"65. Once it is recognised that there are grounds to think that the packages might well not have been loaded in Mr Kadim's vehicle, but set aside with a view to being delivered by another driver, it seems to me that the claimants' argument that the packages were stolen by an employee of UPS loses much of its force. Of course, it is possible that they might have been stolen from the hub and never loaded on a delivery vehicle, but, although Mr Holmes described the hub as 'fertile ground for potential thieves among the employees', it does not seem to me that it would have been at all easy to smuggle such large packages out of the hub building. Again, it is possible that another driver loaded the packages and stole them from his van, knowing that there would be no record that they were loaded on it, but there is no evidence indicating this. It would have been extraordinary risky for another driver to plan such a theft: to offer to carry the valuable parcels to assist Mr Kadim with a delivery in Schipol South East and then to steal them. If, on the other hand, another driver had the goods for delivery by chance and stole them opportunistically, he was remarkably lucky either to be able to infer their value from the L&A address or to happen upon such valuable goods.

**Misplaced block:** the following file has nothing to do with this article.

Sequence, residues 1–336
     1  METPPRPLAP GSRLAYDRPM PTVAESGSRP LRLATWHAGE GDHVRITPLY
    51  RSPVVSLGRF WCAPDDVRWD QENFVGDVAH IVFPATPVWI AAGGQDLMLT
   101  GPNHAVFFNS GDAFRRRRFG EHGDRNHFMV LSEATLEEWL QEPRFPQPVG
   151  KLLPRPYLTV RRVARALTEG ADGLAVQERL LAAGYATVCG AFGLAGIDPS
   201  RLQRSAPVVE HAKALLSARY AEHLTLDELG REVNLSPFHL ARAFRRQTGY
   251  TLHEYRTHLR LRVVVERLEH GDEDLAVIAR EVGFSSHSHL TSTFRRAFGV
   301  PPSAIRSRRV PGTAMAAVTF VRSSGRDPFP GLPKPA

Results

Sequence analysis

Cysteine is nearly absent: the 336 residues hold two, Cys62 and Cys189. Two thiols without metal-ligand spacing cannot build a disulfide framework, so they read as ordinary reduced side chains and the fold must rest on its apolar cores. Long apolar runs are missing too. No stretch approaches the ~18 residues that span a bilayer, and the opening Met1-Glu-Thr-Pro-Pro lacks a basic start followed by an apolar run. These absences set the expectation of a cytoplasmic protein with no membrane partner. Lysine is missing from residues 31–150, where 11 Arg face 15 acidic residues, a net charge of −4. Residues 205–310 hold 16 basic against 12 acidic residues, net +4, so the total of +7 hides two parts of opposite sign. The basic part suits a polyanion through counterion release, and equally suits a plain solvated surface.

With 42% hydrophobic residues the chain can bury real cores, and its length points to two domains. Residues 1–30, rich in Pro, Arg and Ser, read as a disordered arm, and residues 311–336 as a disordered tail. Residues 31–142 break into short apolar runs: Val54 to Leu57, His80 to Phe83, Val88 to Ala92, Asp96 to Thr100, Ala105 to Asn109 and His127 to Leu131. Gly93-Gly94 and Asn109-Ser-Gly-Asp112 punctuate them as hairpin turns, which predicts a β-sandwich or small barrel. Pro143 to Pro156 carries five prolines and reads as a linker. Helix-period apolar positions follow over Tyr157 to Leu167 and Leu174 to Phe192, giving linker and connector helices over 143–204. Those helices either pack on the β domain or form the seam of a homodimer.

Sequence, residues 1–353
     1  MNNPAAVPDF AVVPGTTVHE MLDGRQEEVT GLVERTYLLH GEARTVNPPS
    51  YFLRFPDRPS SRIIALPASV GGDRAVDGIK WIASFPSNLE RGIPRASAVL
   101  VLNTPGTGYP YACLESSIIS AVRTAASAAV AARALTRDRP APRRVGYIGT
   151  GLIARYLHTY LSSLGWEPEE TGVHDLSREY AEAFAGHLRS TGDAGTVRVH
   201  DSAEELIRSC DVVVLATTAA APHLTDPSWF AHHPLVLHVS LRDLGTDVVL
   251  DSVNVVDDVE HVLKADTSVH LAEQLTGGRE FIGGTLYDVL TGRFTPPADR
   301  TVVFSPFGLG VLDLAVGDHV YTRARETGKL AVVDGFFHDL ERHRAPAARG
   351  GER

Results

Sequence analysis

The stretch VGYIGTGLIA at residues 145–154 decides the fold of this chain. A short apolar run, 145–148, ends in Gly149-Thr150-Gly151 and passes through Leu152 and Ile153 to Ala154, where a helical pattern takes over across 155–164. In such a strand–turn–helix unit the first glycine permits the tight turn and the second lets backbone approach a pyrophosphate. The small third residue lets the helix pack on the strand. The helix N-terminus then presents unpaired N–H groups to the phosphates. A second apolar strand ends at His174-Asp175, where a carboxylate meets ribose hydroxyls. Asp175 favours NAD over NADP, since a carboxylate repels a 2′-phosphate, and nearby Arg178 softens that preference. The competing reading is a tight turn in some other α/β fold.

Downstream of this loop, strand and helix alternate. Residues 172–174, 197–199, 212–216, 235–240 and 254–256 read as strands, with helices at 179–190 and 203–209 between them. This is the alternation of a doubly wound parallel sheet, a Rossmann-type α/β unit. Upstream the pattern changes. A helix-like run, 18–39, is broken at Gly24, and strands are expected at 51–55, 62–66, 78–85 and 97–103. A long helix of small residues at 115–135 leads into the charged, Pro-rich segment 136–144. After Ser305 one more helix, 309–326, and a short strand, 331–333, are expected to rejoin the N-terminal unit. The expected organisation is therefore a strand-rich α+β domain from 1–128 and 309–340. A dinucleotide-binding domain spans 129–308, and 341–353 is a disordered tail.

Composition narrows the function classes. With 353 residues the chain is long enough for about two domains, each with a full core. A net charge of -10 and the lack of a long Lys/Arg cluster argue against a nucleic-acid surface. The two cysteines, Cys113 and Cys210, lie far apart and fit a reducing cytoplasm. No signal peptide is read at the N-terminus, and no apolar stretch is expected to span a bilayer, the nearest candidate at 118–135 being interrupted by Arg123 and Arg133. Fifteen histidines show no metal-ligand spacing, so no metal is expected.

66. Having considered how the goods might have disappeared as a result of theft to which an employee of UPS was party, it seems to me more likely that they were lost accidentally: that, for example, the packages were delivered to the wrong address by a driver other than Mr Kadim; or that they were put into the hub's 'overgoods' either because they were returned by a driver who had failed to deliver them and they went astray, or because they were for some reason never loaded in any delivery vehicle."

    42.  Richards LJ gave the principal judgment in the Court of Appeal with which Brooke LJ agreed: [2006] 1 Lloyd's Rep 279. Richards LJ summarised the criticisms made of the judge's approach by Mr Reeve in his submissions as follows, at p 295:

    "55. [The claimants' submission is that] the judge asked himself the right question at para 59, namely 'whether the claimants have shown that theft by a UPS employee is more likely than accidental loss'.